Do you spend a lot of time texting, emailing from your phone, flicking through social media, or just generally looking down at a screen?
I’m guessing your answer will be yes since, on average, we spend around 50 hours a week behind a screen. You may not know that if you suffer from acute neck pain, it could be a result of ‘Tech Neck.’
Tech Neck is a repetitive strain injury and one that is seen in a growing number of patients.
Neck pain is not a rare phenomenon. More than two-thirds of the population will experience neck pain at some point in their lives. Since our bodies were designed in a non-technological world, a change in posture and movements will undoubtedly result in musculoskeletal pain and discomfort if not appropriately attended to. This is why our work tools must be designed for our body’s requirements.
So why does it happen?
Looking down and dropping your head forward alters the natural curve of your spine and neck. Repetitive and prolonged misalignment causes muscles to strain and can impact your neck’s structures, resulting in acute neck pain.
What can you do if you are showing the signs and symptoms of Tech Neck?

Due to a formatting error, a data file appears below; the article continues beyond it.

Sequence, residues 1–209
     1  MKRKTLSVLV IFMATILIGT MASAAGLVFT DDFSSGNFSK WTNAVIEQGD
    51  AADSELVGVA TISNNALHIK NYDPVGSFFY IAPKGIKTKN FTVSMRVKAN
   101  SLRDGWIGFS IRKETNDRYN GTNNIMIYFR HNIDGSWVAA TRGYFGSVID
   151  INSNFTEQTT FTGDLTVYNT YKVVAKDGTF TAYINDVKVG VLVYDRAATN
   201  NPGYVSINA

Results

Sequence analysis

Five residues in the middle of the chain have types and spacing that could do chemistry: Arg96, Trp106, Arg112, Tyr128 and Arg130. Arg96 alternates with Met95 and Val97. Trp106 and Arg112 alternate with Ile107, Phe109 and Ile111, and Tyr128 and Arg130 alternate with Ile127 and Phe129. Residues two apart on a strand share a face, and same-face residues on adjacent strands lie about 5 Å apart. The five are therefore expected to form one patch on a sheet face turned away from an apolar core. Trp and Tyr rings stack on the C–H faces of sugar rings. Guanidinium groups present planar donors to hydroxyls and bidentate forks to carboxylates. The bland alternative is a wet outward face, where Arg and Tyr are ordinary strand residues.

Look forward! Try to avoid looking down at your smart device; see if you can make a habit of bringing the device up towards eye level. If you own a laptop for work, you should strongly consider utilising a desktop stand to bring the screen to eye level.
Straighten up! It’s hard to get a perfect posture, but shoulder extensions can help. Arch your neck and upper back backward, pulling your shoulders into alignment under your ears. This stretch can easily be done at your desk and is a great way to alleviate stress and muscle pain.
Take a break! Reduce your postural pain by taking a break every 30 minutes to get your blood flowing and exercise your spinal tissue.
If tech neck prevents you from performing the activities you enjoy, or if you would like an ergonomic assessment, get in touch.
Our consultants love to have a chat, so go ahead and give us a call on 1300 OHS RTW (647 789) or email firstname.lastname@example.org
Disclaimer – these articles are provided to supply general safety information to people responsible for OHS in their organisation. They are general in nature and do not substitute for legal and/or professional advice. We always suggest that organisations obtain information specific to their needs. Additional information can be found at https://www.safeworkaustralia.gov.au/
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